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Interesting article. Western sanctions have allowed its common enemies to forge a closer alliance than ever.

Gazprom signed a $40b deal with Iran to develop upstream and midstream assets for Iran's huge natural gas reserves.

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Homebuyer mortgage payments up 43.5% in US over year.

https://pbs.twimg.com/media/FXywnAEUcAEVN0V?format=png&name=small

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New buyers, presumably. With long term fixes in the US the needle will hardly have budged on the total payments.

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Gloomy and uncertain outlook - did we all not knew what was comming.

What percentage is due to action or inaction of RBNZ. In corporate world such massive blunder will lead to immediate sacking.

 

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To be fair,plenty of massive blunders in the corporate world go unpunished,in many cases they get to carry on,then in a couple of years they get to 'pivot' out of their role to seek new challenges and take a hefty exit package with them.There are many instances of corporate leaders plundering shareholders cash.

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Q4 2021 Walmart and other US retailers spent up big to charter their own vessels from China  to get inventory into stores. How much of that stuff is still sitting on shelves and needing further markdowns to encourage cash strapped customers to buy? At least it is deflationary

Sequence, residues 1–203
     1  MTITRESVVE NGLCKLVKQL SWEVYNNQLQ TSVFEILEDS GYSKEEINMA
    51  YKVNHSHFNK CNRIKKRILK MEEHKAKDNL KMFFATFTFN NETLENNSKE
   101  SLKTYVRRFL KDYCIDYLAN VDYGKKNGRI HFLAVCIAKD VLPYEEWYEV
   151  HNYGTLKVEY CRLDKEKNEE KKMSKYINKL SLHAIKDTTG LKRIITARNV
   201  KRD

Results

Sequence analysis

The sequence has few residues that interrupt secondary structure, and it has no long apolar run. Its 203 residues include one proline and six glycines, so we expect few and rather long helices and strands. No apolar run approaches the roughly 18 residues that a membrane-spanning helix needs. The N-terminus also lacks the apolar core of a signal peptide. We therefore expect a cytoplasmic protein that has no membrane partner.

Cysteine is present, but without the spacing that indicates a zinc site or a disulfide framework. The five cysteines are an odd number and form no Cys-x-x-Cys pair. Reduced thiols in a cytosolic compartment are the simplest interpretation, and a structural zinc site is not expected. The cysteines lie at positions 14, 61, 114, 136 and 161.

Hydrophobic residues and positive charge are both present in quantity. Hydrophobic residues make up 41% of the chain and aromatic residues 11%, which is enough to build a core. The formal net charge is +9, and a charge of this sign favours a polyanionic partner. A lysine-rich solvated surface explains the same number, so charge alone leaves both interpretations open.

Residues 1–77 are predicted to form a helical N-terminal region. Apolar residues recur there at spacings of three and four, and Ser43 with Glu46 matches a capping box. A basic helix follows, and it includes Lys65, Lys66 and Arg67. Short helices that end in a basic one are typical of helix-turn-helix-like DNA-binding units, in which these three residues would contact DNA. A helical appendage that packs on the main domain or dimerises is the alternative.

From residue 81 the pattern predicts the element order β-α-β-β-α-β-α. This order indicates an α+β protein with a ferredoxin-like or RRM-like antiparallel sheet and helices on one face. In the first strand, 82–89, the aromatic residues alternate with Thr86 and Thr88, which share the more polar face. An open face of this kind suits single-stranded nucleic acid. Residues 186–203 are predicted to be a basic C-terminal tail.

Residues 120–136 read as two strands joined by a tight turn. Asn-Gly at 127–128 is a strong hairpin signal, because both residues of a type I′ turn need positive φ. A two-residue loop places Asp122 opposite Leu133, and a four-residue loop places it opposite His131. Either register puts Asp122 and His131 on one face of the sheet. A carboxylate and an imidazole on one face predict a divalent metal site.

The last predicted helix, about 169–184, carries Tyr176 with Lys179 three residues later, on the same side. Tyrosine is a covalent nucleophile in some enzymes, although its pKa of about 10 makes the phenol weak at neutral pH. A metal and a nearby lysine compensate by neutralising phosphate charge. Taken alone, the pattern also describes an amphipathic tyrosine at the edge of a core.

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The infamous Whiplash Effect.

  • Foresee logistics snarls so order bigly.
  • Order delayed beyond expectations so order some more just in case.
  • Both orders ship together, finally.
  • Just in time to have consumers padlock their wallets.
  • Gotta shift the goods so discount heavily, to heck with the per unit profit, because inventory holding costs are rising and warehouses are outta space.
  • Blame the earnings massacre on Putin.
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You blame it on high interest rates, no?

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Apple earnings tomorrow (Wednesday US time) should be interesting. I wonder how long they can extend and pretend for, before they take the whole market with them...

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I;m hoping the share price drops as i would like to get a slice of the pie.

Plenty to look forward to with this company imo.

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You didn't just follow a comment about Apple, by using the word 'pie', did you?

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Q4 2021 Walmart and other US retailers spent up big to charter their own vessels from China  to get inventory into stores. How much of that stuff is still sitting on shelves and needing further markdowns to encourage cash strapped customers to buy? At least it is deflationary

Yes. E-commerce businesses like overstock dot com will be the place to buy discounted big ticket items like lounge suites at 50% discount.  

I'm in the camp that deflation is already baked in anyway. The signals are all there. 

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The IMF lowered its growth forecasts  for the global economy to +3.2% in 2022 ?